In the locked child-psychiatric unit it seemed as if Lesley had become invisible. Unless you looked closely at the place where the eleven-year-old sat, you might not even see her, so well had she practiced vanishing.
A long shield of hair covered her face, and her crossed arms held her body contained and closed away from other people. Her voice, too, had gone into hiding; she had elected to be mute. Mute, invisible, contained, pallid. I did not have to know her case history to imagine it had been hard.
The two younger boys next to Lesley were very verbal by contrast, volunteering questions and information about the environment of spring they saw in front of them. When I reached Lesley they informed me that she didn't speak. So [I paused with the collie Fern], as I repeated my question to her, not assuming that she would respond but inviting her to meet Fern if she would like to. A thin hand dropped down near the collie, the only sign that the child had heard me. Fern moved in to the gesture, placing her head under Lesley's hand, leaning gently against her legs.
As the program continued, we brought ducklings, rabbits, rocks, spring flowers, and doves around to each child, inviting the child to smell, touch, and listen. Each time a hand would reach out from Lesley's spot to touch, her body would begin to turn a little, and it seemed to me that I could see her more clearly. She was becoming tangible. A young girl in a chair in a room.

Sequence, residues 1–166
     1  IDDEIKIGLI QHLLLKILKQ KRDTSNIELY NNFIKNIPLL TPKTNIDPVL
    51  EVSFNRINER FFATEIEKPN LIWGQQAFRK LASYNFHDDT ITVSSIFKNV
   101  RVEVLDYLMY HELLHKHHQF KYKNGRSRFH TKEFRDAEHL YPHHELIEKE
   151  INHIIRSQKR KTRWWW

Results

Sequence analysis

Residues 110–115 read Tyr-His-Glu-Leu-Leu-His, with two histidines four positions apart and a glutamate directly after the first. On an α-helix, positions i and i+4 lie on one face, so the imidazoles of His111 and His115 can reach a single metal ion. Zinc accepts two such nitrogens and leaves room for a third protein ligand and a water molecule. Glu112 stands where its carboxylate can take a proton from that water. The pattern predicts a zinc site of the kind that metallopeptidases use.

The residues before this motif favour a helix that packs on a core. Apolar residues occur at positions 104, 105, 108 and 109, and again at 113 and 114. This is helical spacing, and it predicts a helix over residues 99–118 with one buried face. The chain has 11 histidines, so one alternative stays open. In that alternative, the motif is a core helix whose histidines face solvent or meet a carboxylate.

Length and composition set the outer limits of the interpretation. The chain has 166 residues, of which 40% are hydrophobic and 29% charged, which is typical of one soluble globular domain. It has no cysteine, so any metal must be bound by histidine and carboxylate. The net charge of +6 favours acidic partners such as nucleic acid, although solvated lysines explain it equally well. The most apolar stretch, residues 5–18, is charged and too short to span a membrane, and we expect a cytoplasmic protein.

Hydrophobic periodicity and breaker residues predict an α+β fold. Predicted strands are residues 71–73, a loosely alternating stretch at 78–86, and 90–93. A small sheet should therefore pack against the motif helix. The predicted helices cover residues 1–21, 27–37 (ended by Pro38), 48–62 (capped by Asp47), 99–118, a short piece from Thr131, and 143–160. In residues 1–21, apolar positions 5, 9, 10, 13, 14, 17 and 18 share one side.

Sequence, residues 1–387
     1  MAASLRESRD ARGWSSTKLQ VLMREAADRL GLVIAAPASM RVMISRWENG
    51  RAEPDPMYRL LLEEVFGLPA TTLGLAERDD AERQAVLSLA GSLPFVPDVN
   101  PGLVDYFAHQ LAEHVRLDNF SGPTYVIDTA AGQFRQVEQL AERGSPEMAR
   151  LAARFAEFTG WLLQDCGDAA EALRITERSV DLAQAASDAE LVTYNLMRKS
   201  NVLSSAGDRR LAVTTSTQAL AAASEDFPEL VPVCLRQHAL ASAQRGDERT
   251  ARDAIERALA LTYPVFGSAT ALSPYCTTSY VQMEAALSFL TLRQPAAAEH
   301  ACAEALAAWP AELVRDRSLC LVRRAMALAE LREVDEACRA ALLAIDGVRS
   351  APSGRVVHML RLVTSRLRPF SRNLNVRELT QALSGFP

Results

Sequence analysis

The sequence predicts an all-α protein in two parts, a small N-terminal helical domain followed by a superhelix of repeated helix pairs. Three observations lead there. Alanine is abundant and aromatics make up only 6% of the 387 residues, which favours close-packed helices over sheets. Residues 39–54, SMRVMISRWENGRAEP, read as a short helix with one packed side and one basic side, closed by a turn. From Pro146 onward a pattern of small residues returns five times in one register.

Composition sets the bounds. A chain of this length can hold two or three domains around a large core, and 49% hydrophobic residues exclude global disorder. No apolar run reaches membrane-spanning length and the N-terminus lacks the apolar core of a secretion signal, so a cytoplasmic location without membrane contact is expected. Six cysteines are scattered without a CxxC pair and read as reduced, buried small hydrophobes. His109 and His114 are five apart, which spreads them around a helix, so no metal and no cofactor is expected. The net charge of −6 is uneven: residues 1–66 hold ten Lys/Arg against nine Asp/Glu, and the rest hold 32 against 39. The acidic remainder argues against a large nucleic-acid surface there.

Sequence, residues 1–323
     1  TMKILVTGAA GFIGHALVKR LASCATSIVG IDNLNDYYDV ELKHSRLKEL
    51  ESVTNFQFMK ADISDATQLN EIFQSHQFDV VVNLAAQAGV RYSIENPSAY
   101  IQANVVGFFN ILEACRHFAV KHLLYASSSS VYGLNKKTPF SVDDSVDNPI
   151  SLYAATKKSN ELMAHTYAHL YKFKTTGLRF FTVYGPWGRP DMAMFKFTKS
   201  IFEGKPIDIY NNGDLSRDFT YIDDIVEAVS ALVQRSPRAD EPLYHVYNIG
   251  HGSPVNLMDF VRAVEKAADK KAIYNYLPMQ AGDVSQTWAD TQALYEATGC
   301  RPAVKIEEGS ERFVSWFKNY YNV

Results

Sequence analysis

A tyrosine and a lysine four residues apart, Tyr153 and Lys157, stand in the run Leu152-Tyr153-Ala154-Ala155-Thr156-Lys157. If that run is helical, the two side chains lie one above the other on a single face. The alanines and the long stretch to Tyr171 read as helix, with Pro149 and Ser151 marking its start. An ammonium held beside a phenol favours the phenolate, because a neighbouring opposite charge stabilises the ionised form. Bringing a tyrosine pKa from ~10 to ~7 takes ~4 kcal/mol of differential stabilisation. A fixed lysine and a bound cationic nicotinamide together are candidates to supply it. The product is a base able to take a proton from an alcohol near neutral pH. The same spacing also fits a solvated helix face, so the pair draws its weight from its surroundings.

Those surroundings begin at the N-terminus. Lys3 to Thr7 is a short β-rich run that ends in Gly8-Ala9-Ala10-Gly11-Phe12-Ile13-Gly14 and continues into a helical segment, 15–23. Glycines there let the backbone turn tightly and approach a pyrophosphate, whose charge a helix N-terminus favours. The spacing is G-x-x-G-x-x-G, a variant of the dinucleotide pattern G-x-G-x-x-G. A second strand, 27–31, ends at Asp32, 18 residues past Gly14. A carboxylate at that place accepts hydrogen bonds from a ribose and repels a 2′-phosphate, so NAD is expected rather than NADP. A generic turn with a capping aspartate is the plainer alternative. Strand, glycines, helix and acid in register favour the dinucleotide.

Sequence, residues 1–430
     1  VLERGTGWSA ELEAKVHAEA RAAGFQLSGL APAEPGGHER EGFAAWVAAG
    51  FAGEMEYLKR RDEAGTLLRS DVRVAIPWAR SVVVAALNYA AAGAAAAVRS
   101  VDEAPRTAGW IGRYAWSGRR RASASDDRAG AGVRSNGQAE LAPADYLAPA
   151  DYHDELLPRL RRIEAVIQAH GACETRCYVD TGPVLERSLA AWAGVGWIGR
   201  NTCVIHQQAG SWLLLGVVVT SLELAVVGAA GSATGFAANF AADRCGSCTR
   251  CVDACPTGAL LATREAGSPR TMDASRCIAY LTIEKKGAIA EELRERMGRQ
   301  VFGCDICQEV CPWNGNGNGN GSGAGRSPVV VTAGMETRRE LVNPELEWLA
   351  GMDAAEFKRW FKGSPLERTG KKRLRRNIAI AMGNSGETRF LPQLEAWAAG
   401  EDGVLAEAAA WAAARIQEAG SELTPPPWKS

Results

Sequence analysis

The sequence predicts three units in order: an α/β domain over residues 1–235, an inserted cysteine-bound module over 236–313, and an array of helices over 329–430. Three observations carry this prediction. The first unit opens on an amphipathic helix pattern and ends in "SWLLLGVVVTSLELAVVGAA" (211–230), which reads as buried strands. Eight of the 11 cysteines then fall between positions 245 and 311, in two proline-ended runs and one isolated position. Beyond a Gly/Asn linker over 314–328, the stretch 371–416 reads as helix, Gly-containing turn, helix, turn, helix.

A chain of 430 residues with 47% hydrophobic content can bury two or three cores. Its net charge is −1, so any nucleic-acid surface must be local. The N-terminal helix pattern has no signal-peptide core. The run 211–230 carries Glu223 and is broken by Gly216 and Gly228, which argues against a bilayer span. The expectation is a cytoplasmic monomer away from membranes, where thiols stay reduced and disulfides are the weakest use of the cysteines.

After the program, we invited the children to stay for a visit with the animals if they chose to. Lesley moved out of her chair and over to the waiting dogs. She knelt on the floor and drew them to her, into her arms, hugging them close, burying her face in their warmth.
The staff psychiatrist came back later to tell us how extraordinary it was to see Lesley with the dogs. The doctor smiled with ideas about how to continue this unfolding. She spoke further about how difficult it can be to assess a child who is in crisis. Given only two weeks of time with each child on the unit, it was a challenge to see healthy possibilities in the midst of the crisis, to stay optimistic in the face of so much difficulty. Now to see the children interacting, laughing, asking bright questions, holding an animal gently, or passing a flower with carethese moments gave the psychiatrist renewed hope.
The AAI [Animals as Intermediaries] program affords daily staff the rare opportunity to step back and see new possibilities. At a school for emotionally troubled boys, a daily caretaker remarked on how healing it was for her to see her students as whole and healthy. She commented on the surprise of watching a boy handle a bunny very gently and caringly, the same boy who yesterday had kicked this caretaker ruthlessly, who frequently had to be physically restrained by the classroom attendant for his own safety and the safety of others. Daily in close proximity to his violence, she was pleased to observe him capable of gentleness.
A visiting program does not replace the dedicated work of therapists or teachers, but it can offer them unique support.